Tax Relief: Home Working for the Self-Employed

Tax returns are not the most riveting of reading, but they can be a world away from your day-to-day working lives. Self-employed workers with home offices must keep track of business costs to reduce their taxable incomes and avoid penalties. Taxable income includes all earnings, business expenses and depreciation. You’re eligible for tax breaks as a home worker if you meet IRS rules on self-employment, but take care to align your accounting methods with eligibility for tax relief. Working from home saves time and money, has fewer interruptions and produces less stress. It also provides opportunities for secondary businesses like tutoring or consulting. If you work from home for tax purposes in 2018 and previous years, these tips help you get the largest possible tax deductions.

Record all business-related expenses

Business-related expenses reduce your taxable income, which is the bottom line of your return. You can deduct 100% of these costs on Schedule A, Section 19 if you have a net profit. If you have a net loss, you can deduct only the percentage of business-related expenses compared to your overall net loss. Business-related expenses include: – Start-up costs, such as advertising, website development and product samples, – Legal and accounting fees, – Bad debts, – Insurance premiums, – Office supplies, such as paper, pens and printer ink, – Utilities and repairs for your home office, – Salary for a housekeeper or accountant, – Depreciation on equipment, – Resume printing for job hunting, – Subscriptions to online business management or marketing services, – Travel and mileage costs, – Fees for professional or legal services, – Classes, training or seminars related to your self-employment, – Home office furniture and equipment, – Home office repairs, maintenance and landscaping.

Deduct home office space and supplies

If you use part of your home exclusively as an office, you can deduct a percentage of the rent or mortgage, insurance, utilities and repairs. Deduct a percentage of the interest, property taxes and mortgage insurance if your home office qualifies as a business expense. Business deductions include office furniture and equipment. Office supplies include printer ink and paper, pens, desk pads and other accessories. If your business requires special equipment for safety and comfort, such as a computer, printer or scanner, you can deduct their full cost in the year you buy them. If you use your office space for both work and personal use, you can deduct a percentage of the expenses based on your office space, not the area of your home. Deduct a percentage of the utilities, repairs and insurance based on the percentage of your office space.

Deduct Internet and phone costs

Deduct 100% of Internet and phone costs if you use them exclusively for your business. If you use them for both business and personal calls, deduct a percentage of these costs based on the percentage of business use. Internet and phone costs include: – Computer hardware and software needed to connect to the Internet, – Internet access, e-mail and online telephone service, – Telephone services, including installation, long-distance calls and wiring, – Telecommuting or video conferencing equipment such as headsets, – Long-distance calls related to your business, – Personal long-distance calls, if they exceed 10% of total long-distance calls (e.g. 4 hours per month for relatives), – Internet connections for employees who work from home.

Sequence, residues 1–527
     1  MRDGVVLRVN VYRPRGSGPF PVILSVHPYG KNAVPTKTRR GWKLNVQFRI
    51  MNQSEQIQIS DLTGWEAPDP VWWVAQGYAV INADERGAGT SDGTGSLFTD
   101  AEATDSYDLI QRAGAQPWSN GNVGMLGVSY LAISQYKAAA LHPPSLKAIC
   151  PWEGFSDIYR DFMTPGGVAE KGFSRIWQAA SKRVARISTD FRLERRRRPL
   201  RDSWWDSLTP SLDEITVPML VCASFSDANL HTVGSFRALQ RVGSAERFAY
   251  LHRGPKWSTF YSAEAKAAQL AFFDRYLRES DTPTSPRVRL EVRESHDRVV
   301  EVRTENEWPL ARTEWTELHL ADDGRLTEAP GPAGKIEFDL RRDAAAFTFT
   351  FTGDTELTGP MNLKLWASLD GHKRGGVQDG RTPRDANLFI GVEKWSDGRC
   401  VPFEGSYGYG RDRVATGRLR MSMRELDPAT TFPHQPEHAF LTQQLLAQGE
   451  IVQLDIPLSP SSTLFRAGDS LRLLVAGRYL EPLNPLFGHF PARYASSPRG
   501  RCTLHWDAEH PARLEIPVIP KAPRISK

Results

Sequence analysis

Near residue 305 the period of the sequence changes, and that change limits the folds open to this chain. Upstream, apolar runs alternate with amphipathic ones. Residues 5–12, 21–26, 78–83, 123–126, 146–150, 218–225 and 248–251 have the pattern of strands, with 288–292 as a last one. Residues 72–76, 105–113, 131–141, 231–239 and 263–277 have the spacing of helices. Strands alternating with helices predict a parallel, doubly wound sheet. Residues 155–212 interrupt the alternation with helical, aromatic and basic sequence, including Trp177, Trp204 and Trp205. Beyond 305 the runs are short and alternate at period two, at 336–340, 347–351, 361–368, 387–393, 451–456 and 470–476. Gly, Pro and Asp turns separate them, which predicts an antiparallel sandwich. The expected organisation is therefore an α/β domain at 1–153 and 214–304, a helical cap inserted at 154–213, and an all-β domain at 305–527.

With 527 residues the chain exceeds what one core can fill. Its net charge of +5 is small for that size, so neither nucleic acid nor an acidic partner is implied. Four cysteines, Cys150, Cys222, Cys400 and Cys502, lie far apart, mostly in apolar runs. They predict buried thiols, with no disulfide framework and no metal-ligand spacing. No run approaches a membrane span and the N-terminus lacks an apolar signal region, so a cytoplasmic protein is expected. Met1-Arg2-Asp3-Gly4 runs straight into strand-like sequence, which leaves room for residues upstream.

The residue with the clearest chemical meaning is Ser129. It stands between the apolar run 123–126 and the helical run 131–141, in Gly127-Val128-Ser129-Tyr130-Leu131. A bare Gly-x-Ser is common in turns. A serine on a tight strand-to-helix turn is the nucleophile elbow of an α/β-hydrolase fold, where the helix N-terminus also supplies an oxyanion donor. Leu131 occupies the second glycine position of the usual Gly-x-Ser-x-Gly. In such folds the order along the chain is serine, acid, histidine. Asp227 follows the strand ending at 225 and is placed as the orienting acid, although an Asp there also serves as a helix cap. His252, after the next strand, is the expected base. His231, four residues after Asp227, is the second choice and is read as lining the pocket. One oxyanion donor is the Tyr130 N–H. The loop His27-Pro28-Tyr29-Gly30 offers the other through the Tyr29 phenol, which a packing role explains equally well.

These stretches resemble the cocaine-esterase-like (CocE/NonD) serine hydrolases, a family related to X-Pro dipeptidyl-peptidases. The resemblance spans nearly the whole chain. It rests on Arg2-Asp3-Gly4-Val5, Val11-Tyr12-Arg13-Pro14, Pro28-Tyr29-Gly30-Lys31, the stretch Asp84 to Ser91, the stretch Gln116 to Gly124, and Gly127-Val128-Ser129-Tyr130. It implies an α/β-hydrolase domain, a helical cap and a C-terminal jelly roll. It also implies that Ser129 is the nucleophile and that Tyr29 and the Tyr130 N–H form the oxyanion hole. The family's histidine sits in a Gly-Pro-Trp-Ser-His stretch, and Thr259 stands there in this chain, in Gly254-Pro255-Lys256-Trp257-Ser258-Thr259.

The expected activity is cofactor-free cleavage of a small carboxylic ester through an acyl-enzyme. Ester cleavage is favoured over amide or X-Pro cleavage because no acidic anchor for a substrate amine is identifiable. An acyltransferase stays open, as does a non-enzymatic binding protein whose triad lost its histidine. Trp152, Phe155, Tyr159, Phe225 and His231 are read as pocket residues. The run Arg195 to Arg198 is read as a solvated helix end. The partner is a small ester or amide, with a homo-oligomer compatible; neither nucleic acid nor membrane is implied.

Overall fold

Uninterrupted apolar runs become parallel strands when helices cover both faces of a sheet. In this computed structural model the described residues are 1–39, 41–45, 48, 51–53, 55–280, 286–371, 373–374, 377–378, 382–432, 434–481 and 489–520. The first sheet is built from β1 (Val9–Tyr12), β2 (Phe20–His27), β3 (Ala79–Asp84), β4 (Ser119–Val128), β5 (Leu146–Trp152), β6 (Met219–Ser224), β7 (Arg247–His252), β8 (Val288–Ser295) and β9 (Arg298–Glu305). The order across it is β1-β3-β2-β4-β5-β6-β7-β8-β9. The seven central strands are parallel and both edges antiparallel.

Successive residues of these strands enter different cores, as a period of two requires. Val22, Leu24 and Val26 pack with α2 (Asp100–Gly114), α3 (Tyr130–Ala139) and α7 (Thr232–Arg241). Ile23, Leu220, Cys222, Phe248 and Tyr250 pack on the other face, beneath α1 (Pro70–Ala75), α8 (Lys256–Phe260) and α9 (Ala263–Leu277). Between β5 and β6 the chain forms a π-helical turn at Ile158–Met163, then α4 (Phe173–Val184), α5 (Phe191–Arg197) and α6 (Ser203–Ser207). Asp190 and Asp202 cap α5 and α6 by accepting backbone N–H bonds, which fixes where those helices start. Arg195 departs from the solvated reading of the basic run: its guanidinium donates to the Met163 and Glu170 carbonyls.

Deduct Professional Development

Deduct 100% of the costs for conferences and seminars that are directly related to your self-employment. Other self-development expenses include: – Business research, such as subscriptions and online services, – Business management or marketing services, – Legal and accounting fees, – Small tools and supplies such as calculators, flash drives and staplers, – Training materials, such as books and manuals, – Transportation costs such as train or bus fare, – Tuition, including fees, books and online courses.

Deduct Travel and Transportation Costs

Deduct 100% of the costs for business trips away from your primary residence. If you stay in your home city, you can deduct a percentage of travel costs based on the percentage of business travel. Travel costs include: – Airfare, train fare and vehicle rental, – Lodging and meals, – Parking, tolls and taxis within the city, – Transportation between the airport and hotel, – Parking, tolls and car rental for the drive between cities, – Taxi or bus fare between events and hotels, – Transportation between the hotel and work site.

Bottom line

Taxes are a necessary evil, but most people will find that they can reduce their tax liability with a few simple deductions. If you work from home, be sure to record all of your business expenses so you can deduct them on your taxes. Even if you don’t work from home, or are planning to start in the future, these are some great tips to keep in mind.

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